• The algorithm computes the segmentation only within a small region of interest (ROI), because the user is typically interested only in segmenting out a small area in the image. This ROI is computed as a convex hull of all user labeled pixels with an additional margin.
  • Several small regions of the image are updated simultaneously, by executing iterations involving the image in multiple threads.
  • In addition, the similarity distance between the pixels are all pre-computed once and then reused.
  • Moreover, the algorithm keeps track of “saturated” pixels – for “saturated” pixels the weights and therefore the labels can no longer be updated. This, on the other hand avoids the expensive neighborhood computation on those pixels. Finally, keeping track of such “saturated” pixels helps to determine when to terminate the algorithm.

Slicer-based Pituitary Adenoma Segmentation

After testing various segmentation facilities available in Slicer, we identified that the use of GrowCut followed by additional morphological operations (like erosion, dilation, and island removal) provides the most efficient segmentation method for pituitary adenomas for our MRI images. Therefore, the following workflow to perform pituitary adenoma segmentation has been used:

  • loading the patient data set into Slicer
  • initialize foreground and background for GrowCut, by drawing an area inside the pituitary adenoma and a stroke outside the tumor
  • starting the automatic competing region-growing in Slicer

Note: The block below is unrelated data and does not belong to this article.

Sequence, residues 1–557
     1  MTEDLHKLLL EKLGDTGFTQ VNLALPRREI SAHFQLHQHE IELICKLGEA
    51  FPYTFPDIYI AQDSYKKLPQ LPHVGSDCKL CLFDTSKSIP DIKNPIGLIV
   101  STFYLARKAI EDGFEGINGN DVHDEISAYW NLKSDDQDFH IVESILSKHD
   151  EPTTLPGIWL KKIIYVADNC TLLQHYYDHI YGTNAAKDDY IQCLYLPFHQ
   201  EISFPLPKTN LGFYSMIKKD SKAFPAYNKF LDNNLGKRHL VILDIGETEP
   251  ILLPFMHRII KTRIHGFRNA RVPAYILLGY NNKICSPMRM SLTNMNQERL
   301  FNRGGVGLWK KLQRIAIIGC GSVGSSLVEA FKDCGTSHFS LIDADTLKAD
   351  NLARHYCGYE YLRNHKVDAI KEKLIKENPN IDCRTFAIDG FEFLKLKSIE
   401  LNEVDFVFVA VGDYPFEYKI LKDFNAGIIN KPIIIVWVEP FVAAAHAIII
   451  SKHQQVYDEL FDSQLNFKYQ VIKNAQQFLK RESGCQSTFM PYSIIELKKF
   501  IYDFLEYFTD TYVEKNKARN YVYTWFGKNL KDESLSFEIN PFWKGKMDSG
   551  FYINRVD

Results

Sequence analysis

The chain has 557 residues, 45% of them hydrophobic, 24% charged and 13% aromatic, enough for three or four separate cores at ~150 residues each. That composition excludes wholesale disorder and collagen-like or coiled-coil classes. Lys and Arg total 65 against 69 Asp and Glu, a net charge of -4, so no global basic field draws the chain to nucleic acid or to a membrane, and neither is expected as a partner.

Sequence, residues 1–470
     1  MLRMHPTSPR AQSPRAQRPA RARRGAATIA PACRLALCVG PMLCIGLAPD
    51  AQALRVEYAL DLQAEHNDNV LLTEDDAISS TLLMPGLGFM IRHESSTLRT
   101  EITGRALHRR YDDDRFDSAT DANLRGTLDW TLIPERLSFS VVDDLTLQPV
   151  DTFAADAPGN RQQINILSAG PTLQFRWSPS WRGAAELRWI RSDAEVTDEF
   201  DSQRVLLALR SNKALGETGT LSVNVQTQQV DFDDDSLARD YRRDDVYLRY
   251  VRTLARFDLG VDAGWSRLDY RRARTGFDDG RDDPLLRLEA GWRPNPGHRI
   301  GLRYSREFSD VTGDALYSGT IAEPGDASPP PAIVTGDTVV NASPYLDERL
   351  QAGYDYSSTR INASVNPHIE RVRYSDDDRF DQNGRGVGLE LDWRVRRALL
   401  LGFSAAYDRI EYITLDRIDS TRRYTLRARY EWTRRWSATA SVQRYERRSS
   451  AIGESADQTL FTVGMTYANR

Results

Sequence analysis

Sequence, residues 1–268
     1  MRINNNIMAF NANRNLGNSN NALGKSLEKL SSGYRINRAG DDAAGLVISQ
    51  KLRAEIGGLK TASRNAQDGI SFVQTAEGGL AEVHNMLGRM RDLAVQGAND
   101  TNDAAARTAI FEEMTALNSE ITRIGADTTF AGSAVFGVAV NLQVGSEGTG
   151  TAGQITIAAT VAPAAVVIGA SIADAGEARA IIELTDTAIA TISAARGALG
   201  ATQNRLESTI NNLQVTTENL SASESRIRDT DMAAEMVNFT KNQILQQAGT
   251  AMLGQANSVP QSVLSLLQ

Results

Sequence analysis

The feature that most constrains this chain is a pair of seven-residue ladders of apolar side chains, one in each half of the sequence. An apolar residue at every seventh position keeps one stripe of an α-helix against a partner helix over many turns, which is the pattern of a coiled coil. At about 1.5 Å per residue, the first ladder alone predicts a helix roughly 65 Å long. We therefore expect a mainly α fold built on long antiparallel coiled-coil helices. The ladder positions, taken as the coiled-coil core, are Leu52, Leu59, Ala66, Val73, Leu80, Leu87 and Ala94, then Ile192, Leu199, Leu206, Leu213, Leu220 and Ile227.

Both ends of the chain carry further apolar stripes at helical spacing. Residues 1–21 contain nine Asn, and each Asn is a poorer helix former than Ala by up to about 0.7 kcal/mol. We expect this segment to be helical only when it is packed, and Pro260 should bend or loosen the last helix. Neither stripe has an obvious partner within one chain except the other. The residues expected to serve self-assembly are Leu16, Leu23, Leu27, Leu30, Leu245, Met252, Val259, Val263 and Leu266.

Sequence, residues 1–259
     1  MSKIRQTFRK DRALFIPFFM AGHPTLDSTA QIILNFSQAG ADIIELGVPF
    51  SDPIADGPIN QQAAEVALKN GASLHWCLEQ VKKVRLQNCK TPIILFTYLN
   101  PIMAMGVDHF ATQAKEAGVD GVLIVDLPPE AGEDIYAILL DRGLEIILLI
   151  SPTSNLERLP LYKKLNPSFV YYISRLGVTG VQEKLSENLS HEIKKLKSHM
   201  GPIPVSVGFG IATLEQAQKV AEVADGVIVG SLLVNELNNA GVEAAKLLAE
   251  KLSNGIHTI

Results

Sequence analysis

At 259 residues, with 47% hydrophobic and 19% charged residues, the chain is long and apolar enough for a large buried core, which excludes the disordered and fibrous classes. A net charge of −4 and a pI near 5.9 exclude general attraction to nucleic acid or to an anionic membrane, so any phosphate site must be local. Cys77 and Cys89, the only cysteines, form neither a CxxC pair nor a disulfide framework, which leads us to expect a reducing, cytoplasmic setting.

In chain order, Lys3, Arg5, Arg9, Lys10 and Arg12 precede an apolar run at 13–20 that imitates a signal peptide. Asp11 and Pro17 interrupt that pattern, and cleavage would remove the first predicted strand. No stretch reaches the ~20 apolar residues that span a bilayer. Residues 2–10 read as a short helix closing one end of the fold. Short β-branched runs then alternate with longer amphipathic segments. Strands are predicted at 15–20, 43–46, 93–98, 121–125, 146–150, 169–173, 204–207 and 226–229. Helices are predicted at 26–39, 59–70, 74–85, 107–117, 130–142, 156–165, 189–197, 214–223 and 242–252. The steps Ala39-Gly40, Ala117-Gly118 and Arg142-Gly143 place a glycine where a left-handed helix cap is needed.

• after visual inspection of the results, use morphological operations like dilation, erosion, and island removal for post-editing.

The Slicer Editor module user interface, which has been used for the initialization of GrowCut is shown in Figure 1 on the left side. The right side of Figure 1 shows a pituitary adenoma after the data set is loaded into Slicer. A typical user initialization for GrowCut on the axial, sagittal and coronal cross-sections is presented in Figure 2. Finally, Figure 3 shows the results of the current Slicer GrowCut method for the initialization of Figure 2. As hardware platform for the GrowCut segmentation we used an Apple MacBook Pro with 4 Intel Core i7, 2.3 GHz, 8 GB RAM, AMD Radeon HD 6750M, Mac OS X 10.6 Snow Leopard.

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Figure 1. 3D Slicer interface with the Slicer-Editor on the left side and a loaded pituitary adenoma data set on the right side: axial slice (upper left window), sagittal slice (lower left window), coronal slice (lower right window) and the three slices shown in a 3D visualization (upper right window).

http://dx.doi.org/10.1371/journal.pone.0051788.g001